The three chapters in this section look at issues surrounding pornography and censorship in China, Hong Kong, Taiwan and Japan. As noted above, the rapid uptake of Internet technologies in the East Asian region has led to the ease of transmission of local, regional and international media content across borders. One area in which this has created serious problems for state authorities is in the regulation of material deemed harmful to the public, including pornography.

In her chapter, Mei Ning Yan looks at the different legal frameworks and regulatory strategies governing online sexual content in Hong Kong and mainland China. She also points to important differences in social and political culture in the two regions, noting how in mainland China the regulation of sexual content is part of a wider process of the control of speech and representation in the media undertaken by the authorities whereas in Hong Kong there is more civil debate and activism over freedom of expression.

Mark McLelland takes issue with a claim often repeated in the Anglophone press that Japanese popular culture is somehow awash with pornography and that there has been little official interest in legislating in this area. On the contrary, McLelland points out how sexual expression

in the media has always been a site of scrutiny by official bodies, especially the police, and that a raft of legislative measures exists to censor and limit the distribution of sexual content in Japan. McLelland argues that Japanese approaches to the censorship of sexual content have been guided by a sense of paternalism on the part of officials, especially the police, who feel it is their role to ‘protect’ impressionable members of the community and offer ‘guidance’ on the limits of representation. For much of the last century it was ‘lower’ social orders that were deemed in need of protection, but in recent years protecting ‘vulnerable youth’ has emerged as the main rationale for limiting sexual content. McLelland points to recent controversies over ‘Boys Love’, a pornographic genre of manga and light fiction largely written by and for women, to demonstrate how factions within Japanese society are very much invested in controlling certain kinds of sexual expression, especially those that challenge male authority and gender roles.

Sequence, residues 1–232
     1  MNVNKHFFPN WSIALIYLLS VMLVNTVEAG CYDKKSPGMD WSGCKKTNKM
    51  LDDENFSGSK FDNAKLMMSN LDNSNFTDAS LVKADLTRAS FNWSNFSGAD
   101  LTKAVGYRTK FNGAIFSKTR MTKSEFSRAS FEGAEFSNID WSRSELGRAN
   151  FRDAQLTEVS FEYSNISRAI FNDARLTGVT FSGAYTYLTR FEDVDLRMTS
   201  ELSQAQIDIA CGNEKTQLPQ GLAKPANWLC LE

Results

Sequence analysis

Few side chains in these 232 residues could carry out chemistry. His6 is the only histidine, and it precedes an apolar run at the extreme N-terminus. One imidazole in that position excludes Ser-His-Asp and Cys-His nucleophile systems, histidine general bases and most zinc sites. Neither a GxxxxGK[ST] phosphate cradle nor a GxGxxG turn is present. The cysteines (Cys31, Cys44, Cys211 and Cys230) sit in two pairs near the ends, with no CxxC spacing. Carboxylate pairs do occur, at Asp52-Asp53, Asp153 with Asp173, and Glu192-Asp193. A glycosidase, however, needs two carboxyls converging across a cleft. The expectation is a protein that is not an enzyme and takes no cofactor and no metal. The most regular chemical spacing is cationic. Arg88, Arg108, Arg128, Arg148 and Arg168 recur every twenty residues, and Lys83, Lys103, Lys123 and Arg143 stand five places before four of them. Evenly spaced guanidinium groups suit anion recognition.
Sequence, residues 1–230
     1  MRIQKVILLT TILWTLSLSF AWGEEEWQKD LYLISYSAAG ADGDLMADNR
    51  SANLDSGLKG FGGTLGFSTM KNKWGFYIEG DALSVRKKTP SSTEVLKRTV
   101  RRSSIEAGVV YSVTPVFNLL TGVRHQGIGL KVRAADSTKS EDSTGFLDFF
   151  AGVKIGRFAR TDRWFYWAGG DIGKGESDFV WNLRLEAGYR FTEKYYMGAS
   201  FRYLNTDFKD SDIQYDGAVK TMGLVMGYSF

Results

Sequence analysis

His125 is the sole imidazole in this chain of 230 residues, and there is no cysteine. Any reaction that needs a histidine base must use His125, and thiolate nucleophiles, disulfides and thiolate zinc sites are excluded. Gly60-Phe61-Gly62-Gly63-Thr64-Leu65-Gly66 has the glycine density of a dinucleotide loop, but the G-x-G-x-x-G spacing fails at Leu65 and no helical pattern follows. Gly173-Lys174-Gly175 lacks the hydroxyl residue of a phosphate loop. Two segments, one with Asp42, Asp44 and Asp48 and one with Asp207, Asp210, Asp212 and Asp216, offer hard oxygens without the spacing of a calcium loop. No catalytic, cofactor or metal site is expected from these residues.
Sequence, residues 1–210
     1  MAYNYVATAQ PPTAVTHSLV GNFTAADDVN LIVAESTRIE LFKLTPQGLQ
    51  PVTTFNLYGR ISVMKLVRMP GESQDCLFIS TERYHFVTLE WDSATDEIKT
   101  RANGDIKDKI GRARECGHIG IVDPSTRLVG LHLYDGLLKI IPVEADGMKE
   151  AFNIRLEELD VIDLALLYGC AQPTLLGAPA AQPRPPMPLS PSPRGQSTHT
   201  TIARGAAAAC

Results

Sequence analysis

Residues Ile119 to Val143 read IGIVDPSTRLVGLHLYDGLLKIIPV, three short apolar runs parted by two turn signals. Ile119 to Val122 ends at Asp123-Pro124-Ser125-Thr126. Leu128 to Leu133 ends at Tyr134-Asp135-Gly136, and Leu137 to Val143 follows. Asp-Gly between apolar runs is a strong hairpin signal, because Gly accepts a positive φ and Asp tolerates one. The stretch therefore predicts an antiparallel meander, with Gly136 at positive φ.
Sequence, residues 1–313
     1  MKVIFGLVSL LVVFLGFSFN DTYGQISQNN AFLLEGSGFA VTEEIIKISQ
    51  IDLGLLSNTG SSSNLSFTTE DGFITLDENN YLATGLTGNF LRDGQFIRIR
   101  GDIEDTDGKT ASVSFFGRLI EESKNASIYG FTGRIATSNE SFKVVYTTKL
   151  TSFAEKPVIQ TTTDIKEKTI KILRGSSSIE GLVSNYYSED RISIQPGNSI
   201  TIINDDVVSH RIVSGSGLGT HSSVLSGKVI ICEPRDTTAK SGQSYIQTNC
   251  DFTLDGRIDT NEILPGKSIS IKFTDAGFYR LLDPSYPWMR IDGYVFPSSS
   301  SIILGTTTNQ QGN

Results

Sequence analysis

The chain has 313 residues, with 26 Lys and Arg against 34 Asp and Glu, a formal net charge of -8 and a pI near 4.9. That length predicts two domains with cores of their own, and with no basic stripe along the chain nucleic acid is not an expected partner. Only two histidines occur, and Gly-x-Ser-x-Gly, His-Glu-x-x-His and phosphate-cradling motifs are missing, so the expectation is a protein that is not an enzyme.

Heung Wah Wong and Hoi Yan Yau look at the importance of Japanese adult videos (AVs) in the region, focussing specifically upon different patterns of consumption and reception in Taiwan and Hong Kong. Although Japanese AVs have certainly impacted on local under­standings of sex and sex roles, through looking at the changes made to the videos’ scripts by subtitling, Wong and Yau show how these foreign imports are indigenised so as to make sense according to local scripts governing appropriate male and female sexual behaviour. They suggest that patterns of consumption in pornography are governed by the same kinds of rules that apply to other items of exchange in a global commodity market and that for any product to be accepted it needs to speak to local interests and needs.